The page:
CONCLUSION: We found a lack of high-quality evidence on senior ED patients who have fallen. The available literature suggests there is around a 5% incidence of intracranial bleeding in seniors who present to the ED after a fall.
Language: en

Keywords
Falls; Seniors; Traumatic brain injury

 

Anticipatory and compensatory postural responses during perturbed standing in individuals with traumatic brain injury
Pilkar R, Ibironke O, Ehrenberg N, Nolan KJ. Conf. Proc. IEEE Eng. Med. Biol. Soc. 2019; 2019: 5080-5083.
(Copyright © 2019, IEEE (Institute of Electrical and Electronics Engineers))
DOI 10.1109/EMBC.2019.8857851 PMID 31947001
Abstract
Anticipatory postural adjustments (APA) and compensatory postural adjustments (CPA) are neuromuscular responses generated to stabilize the body and achieve balance during perturbations. The impaired sensory integration after a traumatic brain injury (TBI) can limit the ability to perceive perturbations and potentially affect the ability to generate APA and CPA responses. The main objective of this investigation is to explore the existence of APA and CPA generation in tibialis anterior (TA) and gastrocnemius (GAST) muscles during base of support perturbations in healthy controls (HC) as well as individuals with TBI. The secondary objective is to explore the effectiveness of a novel computerized biofeedback based intervention (CBBI) at improving APA and CPA responses in individuals with TBI. We observed that all three groups – HC (n=5), TBI-control (n=5), and TBI-Intervention (n=4) showed the presence of only CPA responses for the TA muscle, however, these responses were longer and variable for both TBI groups, compared to the short and consistent responses of the HC group. The GAST was involved in both APA and CPA for all groups. After the 4-week CBBI period, the TBI-I group showed increased APA responses for both TA and GAST. Further, the TBI-I group showed reduced CPA responses for both TA and GAST after the intervention. The elevated and longer CPA responses of TA and GAST and lower APA responses of GAST could suggest impaired postural control. Due to their significance and potential link to the balance dysfunction, these mechanisms need to be studied comprehensively in larger samples in order to effectively optimize the rehabilitation approaches for improving balance and avoiding falls in individuals with TBI.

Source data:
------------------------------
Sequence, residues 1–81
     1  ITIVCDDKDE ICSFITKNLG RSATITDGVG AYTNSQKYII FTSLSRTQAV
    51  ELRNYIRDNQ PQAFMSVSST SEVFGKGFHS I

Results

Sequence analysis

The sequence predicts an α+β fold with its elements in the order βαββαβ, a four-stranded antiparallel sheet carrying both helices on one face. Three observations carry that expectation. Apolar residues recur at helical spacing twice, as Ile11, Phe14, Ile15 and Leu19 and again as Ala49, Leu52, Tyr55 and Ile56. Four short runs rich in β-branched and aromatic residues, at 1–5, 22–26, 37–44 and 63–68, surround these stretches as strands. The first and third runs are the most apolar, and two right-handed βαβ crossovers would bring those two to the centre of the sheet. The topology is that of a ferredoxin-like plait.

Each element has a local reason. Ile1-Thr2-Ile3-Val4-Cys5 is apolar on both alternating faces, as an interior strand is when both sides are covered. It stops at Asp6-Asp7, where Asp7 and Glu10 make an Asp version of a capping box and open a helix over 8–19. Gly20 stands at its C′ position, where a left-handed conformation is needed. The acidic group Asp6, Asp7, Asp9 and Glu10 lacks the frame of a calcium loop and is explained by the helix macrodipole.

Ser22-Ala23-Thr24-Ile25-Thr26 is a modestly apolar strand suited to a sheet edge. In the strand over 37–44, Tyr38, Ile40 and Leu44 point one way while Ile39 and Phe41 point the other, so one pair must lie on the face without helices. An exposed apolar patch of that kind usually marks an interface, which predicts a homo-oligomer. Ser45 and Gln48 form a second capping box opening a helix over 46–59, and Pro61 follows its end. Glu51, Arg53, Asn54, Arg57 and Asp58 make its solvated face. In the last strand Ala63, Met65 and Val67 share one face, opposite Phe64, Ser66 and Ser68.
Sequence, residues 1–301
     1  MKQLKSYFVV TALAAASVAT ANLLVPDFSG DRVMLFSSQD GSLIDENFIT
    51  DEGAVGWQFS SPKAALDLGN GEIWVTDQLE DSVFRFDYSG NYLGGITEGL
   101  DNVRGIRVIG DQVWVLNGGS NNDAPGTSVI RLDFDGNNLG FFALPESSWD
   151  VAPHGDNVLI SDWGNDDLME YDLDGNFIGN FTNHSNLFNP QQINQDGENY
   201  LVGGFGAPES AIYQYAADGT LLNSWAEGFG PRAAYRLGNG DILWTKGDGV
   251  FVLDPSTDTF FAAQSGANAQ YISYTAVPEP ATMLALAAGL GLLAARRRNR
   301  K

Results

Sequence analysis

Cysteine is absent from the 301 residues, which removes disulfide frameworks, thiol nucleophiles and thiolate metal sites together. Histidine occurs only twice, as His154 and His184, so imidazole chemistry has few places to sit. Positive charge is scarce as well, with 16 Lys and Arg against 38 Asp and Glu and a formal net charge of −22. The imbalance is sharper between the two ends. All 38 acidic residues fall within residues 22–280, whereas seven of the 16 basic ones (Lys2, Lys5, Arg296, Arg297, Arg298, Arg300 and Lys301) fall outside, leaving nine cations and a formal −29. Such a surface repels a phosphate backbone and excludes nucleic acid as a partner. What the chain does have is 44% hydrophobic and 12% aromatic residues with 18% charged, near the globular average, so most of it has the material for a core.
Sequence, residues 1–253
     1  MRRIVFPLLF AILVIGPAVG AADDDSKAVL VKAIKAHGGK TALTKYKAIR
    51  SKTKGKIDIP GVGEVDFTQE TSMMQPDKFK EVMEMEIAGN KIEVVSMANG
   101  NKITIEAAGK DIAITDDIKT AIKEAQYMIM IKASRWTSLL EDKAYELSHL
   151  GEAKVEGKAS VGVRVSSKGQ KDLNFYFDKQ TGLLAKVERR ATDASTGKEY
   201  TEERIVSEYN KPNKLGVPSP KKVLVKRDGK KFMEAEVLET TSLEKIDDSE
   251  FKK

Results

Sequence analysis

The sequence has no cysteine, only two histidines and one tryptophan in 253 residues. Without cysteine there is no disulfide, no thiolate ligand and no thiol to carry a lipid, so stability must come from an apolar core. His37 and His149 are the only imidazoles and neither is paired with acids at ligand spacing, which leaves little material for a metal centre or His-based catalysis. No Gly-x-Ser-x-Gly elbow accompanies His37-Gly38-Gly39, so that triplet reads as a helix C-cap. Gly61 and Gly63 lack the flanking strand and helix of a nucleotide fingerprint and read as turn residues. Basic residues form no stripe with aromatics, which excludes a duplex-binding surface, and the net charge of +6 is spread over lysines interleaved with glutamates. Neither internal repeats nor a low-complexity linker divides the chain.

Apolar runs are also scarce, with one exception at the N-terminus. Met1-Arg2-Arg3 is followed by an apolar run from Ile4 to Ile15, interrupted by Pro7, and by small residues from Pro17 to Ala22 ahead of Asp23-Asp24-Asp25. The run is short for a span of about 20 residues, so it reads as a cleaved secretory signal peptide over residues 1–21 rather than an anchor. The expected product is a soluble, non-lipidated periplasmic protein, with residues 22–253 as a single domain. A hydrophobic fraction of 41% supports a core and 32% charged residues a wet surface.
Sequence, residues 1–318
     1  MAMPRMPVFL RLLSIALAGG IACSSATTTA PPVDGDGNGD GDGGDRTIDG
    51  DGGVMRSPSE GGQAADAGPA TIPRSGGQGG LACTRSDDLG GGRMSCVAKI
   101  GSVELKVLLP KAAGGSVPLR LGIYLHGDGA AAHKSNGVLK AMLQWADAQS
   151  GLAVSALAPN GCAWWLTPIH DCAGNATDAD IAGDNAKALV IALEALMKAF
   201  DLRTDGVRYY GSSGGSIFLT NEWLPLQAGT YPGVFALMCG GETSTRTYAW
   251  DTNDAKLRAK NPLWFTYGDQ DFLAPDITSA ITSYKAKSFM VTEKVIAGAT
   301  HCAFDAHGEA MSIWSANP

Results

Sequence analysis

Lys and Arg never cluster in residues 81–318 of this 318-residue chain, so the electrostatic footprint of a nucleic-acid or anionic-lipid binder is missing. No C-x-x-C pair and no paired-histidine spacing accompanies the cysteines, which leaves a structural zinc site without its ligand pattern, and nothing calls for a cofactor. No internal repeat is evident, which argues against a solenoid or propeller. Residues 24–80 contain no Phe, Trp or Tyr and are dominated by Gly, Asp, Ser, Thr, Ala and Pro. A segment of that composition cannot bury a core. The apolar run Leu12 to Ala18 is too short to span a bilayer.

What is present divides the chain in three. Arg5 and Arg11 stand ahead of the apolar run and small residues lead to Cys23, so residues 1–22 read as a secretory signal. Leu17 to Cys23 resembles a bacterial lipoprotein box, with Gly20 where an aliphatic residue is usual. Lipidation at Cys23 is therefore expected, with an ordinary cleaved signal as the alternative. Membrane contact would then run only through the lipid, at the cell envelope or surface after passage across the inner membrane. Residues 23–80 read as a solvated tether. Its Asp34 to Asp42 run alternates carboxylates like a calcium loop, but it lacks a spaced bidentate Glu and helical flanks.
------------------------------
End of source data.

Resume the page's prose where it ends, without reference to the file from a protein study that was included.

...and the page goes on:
Language: en